What better way to send a gift to that hard-to-buy for family member or friend than a little comfort food (or drink!) this holiday season. If the ads flying into my digital and physical mailboxes from companies like Milk Bar or The Honey Baked Ham Company are any indication, then eCommerce stores are preparing for a holiday season full of socially distanced fun and good food.
But then sales tax has to step in and complicate matters. Shipping food to other states, or packaging different foods up into a gift basket, can add extra strife to what is supposed to be a straightforward eCommerce gift sale.
Did you find this post because you are wondering why you were charged sales tax on a gift? When ordering online, sales tax is charged at the recipient’s ship-to address. So for example, if you live in a state like California where a delicious coconut pie is tax exempt, but order an item shipped to a state like Alabama where that pie is not tax exempt, then you’d still be required to pay sales tax on that item.
Let’s look at the most common sales tax pitfalls that online sellers face when selling food at the holidays, and how to conquer them.
Am I required to charge sales tax in the gift recipient’s state?
If you don’t have sales tax nexus in a state, then you are not required to collect sales tax when shipping an item to a state. For example, if you only have sales tax nexus in the states of Florida and Georgia, but your customer asks you to ship the item to Arkansas, then you’re not required to collect sales tax from the buyer.Find out more about where online sellers have sales tax nexus here.
Is the food item included in the gift taxable in the recipient’s state?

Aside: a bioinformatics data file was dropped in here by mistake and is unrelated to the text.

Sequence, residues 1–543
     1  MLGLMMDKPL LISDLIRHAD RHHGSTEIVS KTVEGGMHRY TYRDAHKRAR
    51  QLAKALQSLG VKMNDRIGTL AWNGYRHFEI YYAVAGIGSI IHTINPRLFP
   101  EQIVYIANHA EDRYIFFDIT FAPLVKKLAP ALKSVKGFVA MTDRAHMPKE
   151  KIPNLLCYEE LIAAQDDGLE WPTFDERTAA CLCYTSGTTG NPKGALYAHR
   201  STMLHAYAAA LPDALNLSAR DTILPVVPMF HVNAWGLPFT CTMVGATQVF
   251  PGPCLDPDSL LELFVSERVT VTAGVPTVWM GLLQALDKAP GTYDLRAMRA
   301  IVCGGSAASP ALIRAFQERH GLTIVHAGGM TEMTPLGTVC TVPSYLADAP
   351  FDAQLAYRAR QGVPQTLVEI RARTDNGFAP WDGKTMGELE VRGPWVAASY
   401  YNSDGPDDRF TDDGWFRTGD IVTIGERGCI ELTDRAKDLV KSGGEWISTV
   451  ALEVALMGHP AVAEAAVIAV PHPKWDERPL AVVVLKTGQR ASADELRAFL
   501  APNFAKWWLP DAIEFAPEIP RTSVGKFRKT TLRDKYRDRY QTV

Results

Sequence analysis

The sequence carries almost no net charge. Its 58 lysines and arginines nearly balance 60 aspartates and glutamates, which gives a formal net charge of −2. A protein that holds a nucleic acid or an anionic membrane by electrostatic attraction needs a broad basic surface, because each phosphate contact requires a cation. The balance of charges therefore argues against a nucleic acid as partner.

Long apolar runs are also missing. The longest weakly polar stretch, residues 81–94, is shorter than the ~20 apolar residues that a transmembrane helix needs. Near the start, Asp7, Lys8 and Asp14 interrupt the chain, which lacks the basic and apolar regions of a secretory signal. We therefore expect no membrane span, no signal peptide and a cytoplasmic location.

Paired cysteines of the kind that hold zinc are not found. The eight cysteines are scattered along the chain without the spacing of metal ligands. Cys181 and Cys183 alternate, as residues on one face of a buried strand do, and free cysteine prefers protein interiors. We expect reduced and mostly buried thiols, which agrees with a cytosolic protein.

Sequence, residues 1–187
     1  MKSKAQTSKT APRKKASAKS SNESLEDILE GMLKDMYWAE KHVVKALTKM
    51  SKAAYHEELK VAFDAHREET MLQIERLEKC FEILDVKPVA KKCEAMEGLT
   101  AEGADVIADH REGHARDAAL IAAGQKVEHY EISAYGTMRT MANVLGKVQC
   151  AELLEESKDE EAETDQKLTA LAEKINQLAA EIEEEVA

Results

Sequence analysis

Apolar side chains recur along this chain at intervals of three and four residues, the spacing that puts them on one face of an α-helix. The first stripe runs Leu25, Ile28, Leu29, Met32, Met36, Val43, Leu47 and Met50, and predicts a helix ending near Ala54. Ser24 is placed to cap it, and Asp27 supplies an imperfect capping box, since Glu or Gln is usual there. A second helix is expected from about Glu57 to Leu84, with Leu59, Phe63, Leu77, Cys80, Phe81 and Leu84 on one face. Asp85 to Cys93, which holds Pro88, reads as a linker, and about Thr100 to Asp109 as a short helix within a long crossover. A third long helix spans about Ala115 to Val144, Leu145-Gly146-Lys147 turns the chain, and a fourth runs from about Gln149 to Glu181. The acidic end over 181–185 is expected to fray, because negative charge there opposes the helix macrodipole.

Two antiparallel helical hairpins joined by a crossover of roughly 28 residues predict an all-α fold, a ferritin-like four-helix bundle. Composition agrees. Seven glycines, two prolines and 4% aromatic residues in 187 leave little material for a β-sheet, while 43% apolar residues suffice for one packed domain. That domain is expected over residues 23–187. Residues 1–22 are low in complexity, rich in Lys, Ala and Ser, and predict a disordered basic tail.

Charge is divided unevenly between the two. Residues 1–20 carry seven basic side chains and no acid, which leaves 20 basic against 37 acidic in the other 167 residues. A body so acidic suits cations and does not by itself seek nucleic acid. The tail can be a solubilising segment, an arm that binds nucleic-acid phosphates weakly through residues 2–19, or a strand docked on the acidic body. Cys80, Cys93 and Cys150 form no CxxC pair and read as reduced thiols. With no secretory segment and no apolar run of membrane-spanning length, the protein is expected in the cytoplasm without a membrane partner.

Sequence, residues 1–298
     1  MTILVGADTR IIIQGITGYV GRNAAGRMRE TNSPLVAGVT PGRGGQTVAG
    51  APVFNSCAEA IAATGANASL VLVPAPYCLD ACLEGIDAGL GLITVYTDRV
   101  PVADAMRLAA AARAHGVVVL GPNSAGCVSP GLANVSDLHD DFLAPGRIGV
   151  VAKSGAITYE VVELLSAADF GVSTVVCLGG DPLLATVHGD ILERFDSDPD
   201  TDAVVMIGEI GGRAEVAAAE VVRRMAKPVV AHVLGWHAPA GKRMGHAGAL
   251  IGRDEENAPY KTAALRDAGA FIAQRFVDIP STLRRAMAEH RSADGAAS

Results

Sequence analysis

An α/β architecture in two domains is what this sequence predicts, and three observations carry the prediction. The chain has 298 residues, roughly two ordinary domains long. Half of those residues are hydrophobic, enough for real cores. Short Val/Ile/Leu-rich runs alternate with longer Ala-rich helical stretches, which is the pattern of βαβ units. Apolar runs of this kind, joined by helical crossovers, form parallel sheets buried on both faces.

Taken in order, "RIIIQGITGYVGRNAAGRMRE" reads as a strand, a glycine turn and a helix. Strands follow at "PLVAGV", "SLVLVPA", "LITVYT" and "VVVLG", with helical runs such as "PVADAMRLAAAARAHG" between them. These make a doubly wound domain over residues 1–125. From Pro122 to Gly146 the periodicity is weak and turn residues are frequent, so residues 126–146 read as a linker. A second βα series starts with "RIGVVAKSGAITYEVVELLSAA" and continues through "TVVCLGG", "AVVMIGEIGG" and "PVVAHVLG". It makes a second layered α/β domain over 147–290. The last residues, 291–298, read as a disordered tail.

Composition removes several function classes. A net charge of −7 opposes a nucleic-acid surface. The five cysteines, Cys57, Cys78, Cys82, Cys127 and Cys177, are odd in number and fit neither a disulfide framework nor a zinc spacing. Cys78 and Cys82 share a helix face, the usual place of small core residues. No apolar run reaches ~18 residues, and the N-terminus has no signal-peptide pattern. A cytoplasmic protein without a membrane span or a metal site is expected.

In this case, say you do have sales tax nexus in the state where the food gift is shipping to. Depending on the food item and state sales tax laws, you still may not be required to collect sales tax on the gift.
As you can see from this map of grocery taxability, grocery items are only fully taxable in six US states. In other states, they are either completely tax exempt or taxed at a reduced rate. So for example, if you are shipping a food item, like flour, that every state considers a grocery item, then you’d still be required to charge the full sales tax in some states and abide by various sales tax exemption laws in other states.
Things get a little trickier when it comes to popular gift basket items like baked goods or candy. Fortunately, baked goods like cakes and pies are generally considered to be grocery items. These baked goods generally abide by the state’s rules for grocery items (as long as they are not being consumed on the premises, which doesn’t apply to baked items shipped as gifts.)
Candy and soda are another story, though. Many states that consider “groceries” tax exempt don’t consider candy and other sugary, snacky items to be “groceries” for tax purposes. Instead, they might consider groceries tax exempt, but still require that retailers collect the full state and local sales tax rate on candy bars or sodas.
You can read more about which states consider candy taxable and non-taxable here.